It’s called management and it’s your job
BUSINESS MATTERS BEYOND THE BOTTOM LINE - Francis J. Kong (The Philippine Star) - September 6, 2020 - 12:00am

I have handled people all my life. Even in my young and tender age because my parents told me it was my responsibility to take care of my siblings. They made it crystal clear that I would be held accountable if something happened to them in school. It was tough, but I took on the responsibility. Perhaps because I had been commissioned at home to take charge, the natural inclination for me was to lead when I entered school. I always had friends following me around. I planned things like where to go after class, when to cut classes, what activities to do, and my friends did as they were told. And when I feel like it, I would write their essays since English was my favorite subject. They came to me for advice and I would give them. They even asked me to write their love letters. I was pretty prolific in that area. But I always wondered why I had to do things like these. Why should I be involved with their personal lives and personal issues? But it seemed like a natural thing to do, so I did not complain; I figured this is part of taking charge. Maybe this is why they made me lead.

And then, I read the book of Kim Scott entitled “Radical Candor.” I smiled and understood. In one of the chapters, Kim narrated a story. She says: “I left his desk drained, passing by our quality assurance manager. His child had better news: she’d just received the highest score in the entire state on a standardized math test. He wanted to talk about it. I felt emotional whiplash as I jumped from sympathy to celebration.

By the time I got back to my desk, I had no time or emotional reserves to think about pricing. I cared about each of these people, but I also felt worn out – frustrated that I couldn’t get any “real” work done. Later that day, I called my CEO coach, Leslie Koch, to complain.

“Is my job to build a great company,” I asked, “or am I really just some sort of emotional babysitter?”

Leslie, a fiercely opinionated ex-Microsoft executive, could barely contain herself. “This is not babysitting,” she said. “It’s called management, and it is your job!”

Every time I feel I have something more “important” to do than listen to people, I remember Leslie’s words: “It is your job!” I’ve used Leslie’s line on dozens of new managers who’ve come to me after a few weeks in their new role, moaning that they feel like “babysitters” or “shrinks.”

And then Scott sums it up by saying: “We undervalue the “emotional labor” of being the boss. That term is usually reserved for people who work in the service or health industry: psychiatrists, nurses, doctors, waiters, flight attendants.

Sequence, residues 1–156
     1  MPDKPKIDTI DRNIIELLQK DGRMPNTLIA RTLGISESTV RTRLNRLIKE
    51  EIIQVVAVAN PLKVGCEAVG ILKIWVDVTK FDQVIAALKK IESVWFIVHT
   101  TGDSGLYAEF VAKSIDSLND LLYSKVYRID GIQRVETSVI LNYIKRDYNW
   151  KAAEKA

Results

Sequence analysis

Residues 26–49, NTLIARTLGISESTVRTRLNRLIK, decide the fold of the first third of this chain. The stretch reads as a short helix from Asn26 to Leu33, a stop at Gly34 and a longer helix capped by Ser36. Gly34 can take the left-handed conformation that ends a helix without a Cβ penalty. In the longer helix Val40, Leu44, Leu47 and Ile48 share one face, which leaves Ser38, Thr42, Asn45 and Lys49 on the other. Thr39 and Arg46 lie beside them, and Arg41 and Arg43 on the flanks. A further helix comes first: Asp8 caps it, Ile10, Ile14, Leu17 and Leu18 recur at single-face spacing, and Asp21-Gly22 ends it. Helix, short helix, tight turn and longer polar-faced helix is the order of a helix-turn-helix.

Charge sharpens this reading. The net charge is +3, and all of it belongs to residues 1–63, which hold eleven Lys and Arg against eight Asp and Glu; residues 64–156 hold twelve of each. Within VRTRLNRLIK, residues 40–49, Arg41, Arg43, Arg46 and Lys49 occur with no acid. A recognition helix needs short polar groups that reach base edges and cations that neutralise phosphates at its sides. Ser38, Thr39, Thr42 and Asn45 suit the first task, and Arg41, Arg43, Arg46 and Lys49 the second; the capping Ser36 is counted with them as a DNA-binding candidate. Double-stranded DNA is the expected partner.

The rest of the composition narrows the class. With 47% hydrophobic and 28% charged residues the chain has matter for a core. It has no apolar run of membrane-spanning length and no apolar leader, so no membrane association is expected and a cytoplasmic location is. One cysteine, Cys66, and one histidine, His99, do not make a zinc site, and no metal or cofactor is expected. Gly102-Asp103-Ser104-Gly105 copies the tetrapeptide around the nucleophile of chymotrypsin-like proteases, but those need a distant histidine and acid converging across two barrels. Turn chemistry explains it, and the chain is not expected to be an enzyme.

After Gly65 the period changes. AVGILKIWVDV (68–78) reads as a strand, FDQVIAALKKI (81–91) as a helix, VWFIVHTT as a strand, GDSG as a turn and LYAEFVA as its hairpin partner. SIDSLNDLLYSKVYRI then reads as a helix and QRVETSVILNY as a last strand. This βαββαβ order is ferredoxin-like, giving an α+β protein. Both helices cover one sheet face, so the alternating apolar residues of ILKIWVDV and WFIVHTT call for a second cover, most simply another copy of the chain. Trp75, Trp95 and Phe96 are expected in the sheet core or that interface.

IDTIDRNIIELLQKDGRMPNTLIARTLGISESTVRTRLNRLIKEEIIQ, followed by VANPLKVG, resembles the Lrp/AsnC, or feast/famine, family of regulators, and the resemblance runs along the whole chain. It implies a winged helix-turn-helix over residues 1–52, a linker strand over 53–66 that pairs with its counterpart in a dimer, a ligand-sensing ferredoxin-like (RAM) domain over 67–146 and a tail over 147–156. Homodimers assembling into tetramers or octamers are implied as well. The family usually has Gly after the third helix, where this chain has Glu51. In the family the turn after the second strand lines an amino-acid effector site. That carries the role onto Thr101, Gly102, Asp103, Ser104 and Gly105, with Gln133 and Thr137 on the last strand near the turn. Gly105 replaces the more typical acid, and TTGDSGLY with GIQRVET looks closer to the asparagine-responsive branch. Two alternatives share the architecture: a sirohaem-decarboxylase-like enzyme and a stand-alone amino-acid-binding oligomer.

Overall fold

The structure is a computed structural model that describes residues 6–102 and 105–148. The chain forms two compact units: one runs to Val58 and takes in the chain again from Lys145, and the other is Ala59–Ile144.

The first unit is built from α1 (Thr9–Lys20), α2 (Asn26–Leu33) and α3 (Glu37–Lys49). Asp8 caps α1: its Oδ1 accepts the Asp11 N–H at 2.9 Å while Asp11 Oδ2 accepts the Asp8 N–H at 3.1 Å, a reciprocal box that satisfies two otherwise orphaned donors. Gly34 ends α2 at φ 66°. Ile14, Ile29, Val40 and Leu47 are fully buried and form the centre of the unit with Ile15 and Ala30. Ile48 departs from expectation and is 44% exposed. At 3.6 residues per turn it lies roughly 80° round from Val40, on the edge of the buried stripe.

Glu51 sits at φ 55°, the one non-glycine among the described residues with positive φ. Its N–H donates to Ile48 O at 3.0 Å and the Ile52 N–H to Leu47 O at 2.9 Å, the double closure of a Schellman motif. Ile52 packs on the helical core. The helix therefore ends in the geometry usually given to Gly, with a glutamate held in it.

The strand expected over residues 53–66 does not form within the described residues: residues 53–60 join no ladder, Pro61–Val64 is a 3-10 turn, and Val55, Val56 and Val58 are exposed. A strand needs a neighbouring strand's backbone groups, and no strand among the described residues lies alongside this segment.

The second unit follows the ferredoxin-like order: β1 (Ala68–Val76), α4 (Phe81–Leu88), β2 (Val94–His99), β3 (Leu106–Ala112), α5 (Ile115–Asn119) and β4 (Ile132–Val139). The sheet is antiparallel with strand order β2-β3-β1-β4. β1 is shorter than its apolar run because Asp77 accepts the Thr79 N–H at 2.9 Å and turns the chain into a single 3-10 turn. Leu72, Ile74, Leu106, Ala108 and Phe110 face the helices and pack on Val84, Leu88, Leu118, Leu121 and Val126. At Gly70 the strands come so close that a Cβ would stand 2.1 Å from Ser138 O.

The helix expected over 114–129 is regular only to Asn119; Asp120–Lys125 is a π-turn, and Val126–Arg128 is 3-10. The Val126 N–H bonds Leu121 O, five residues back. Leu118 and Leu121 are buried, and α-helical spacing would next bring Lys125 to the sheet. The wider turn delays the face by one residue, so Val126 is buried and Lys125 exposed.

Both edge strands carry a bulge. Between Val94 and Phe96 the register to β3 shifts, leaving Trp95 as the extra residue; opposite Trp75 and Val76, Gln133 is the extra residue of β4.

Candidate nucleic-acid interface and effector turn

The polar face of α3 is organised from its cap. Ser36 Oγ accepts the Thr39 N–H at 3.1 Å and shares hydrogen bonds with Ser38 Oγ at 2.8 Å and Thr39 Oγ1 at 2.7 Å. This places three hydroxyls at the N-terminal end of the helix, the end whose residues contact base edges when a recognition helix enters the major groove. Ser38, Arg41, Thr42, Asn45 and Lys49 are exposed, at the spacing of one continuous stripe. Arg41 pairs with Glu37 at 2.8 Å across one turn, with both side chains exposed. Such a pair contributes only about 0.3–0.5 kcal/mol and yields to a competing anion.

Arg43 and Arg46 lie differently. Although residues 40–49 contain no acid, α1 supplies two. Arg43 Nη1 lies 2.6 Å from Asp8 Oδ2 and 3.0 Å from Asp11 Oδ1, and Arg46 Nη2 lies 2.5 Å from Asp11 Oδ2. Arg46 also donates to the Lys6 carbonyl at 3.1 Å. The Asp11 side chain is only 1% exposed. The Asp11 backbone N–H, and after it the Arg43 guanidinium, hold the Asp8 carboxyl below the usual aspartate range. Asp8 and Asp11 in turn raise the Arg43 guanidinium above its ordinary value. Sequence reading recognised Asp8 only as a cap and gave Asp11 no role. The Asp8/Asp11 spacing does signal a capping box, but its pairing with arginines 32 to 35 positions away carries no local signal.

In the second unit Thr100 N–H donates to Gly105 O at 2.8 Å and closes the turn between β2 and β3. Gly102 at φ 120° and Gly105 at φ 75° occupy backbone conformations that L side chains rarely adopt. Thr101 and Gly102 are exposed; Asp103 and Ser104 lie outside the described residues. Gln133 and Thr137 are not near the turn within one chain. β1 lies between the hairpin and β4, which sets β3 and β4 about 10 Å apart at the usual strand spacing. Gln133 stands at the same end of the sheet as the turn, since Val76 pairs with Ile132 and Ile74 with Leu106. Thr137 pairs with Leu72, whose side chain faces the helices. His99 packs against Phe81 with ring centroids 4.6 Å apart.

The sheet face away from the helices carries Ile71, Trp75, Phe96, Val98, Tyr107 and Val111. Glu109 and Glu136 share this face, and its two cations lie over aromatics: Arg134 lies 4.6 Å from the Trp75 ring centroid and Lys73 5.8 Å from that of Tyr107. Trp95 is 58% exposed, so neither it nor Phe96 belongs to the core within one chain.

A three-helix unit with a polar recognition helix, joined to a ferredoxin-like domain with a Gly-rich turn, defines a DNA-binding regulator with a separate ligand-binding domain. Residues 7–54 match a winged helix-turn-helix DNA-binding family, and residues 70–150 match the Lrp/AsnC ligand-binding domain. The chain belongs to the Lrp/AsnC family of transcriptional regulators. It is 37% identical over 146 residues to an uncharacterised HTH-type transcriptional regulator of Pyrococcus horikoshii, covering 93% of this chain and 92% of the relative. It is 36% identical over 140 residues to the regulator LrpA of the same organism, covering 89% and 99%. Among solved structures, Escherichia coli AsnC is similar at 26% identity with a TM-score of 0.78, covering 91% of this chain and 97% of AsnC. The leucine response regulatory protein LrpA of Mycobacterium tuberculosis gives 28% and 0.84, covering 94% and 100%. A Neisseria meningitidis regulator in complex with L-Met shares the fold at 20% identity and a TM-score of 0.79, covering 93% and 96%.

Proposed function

This emotional labor is not just part of the job; it’s the key to being a good boss.”

Get the book Radical Candor. It’s one of the best business books I have ever read.

So here we are amid the pandemic. Sometimes you hear things like:

“Don’t you understand we are in a crisis?”

“Our CFO has been pounding on us to work on those receivables and collect the money needed to sustain operations...”

“Our sales director has been on my case since the lockdown began, and he demands more sales...”

“Do I still have to put up with the personal problems of my people when there are so many important things to do?”

I guess by now you would know the answer. “Of course! It’s called management, and it’s your job!”1

There is no other time in life than now that leaders should show care and empathy for their people. Recently, I posted this material in my digital spaces. “Tough times. Targets and revenues a struggle. People working and confined in homes afraid of the virus also fear for their family’s safety. They still have to do parenting and chores. All these add a lot more stress. Leaders’ priority today is not just meeting goals but also to consider the well-being of their people. There is no more critical time than now for leaders to show empathy. It is what leadership is all about.”

Show your people that as a leader, you care. Your people need it. Just a warning though: You cannot fake care. You have to mean it. You may not be able to remove their stresses, but you should not add more to it. Offer encouragement and show compassion. Why? Because you are “Management.” And it is your job.

(Attend the live webinar this Sept. 14 at 7:30 p.m. Francis Kong will host, and Pastor Chad Williams of Union Church of Manila will speak on “Finding Strength in The Small Things.” Live via Facebook@francisong2)

1 Radical Candor: Fully Revised & Updated Edition: Be a Kick ....

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